National Historic Landmarks are cultural properties designated by the Secretary of the Interior as being nationally significant. Acknowledged as among the nation's most significant historic places, these buildings, sites, districts, structures, and objects possess exceptional value or quality in illustrating or interpreting the heritage of the United States. The designation is an official recognition by the federal government of the significance of historic properties.
The nearly 2,600 properties designated (as of 2021) as National Historic Landmarks are the most significant places in American history that illustrate and commemorate our collective past, enabling an understanding of our national identity. National Historic Landmarks represent and interpret outstanding and tragic aspects of our history and culture. Through these resources, all Americans can better understand and appreciate broad trends and events, important persons, influential ideas, and valuable accomplishments that are significant in our national history.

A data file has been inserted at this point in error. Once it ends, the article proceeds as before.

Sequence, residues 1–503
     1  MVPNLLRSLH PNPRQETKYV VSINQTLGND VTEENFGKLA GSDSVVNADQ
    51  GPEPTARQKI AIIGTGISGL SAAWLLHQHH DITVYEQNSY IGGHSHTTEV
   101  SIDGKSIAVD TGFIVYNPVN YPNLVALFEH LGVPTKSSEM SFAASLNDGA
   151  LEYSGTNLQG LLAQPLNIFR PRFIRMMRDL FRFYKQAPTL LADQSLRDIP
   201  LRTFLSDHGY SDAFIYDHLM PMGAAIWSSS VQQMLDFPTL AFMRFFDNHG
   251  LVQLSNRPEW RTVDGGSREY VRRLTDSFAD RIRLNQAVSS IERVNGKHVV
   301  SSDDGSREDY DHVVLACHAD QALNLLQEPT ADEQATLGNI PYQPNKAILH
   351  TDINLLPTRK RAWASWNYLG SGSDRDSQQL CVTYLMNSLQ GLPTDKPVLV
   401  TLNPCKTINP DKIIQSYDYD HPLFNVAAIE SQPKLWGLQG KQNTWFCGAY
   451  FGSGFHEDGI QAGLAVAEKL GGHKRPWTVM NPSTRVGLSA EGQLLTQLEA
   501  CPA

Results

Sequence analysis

Presently, there are eighteen National Historic Landmarks recognized in the State of Vermont. These landmarks convey the state’s history from early Native American settlement to the modern day. Included are iconic examples of architecture and engineering such as the Brown Covered Bridge, Rockingham Meetinghouse, and Round Church; sites critical to American history such as the Calvin Coolidge Homestead District, Mount Independence, and Justin Smith Morrill Homestead; and homes like Naulakha and the Robert Frost Farm where important pieces of literature were produced. Many of the eighteen National Historic Landmarks in Vermont are open to the public as museums and historic sites. Official copies of all National Historic Landmark nomination applications for properties in Vermont can be viewed in the state’s Online Resource Center (ORC).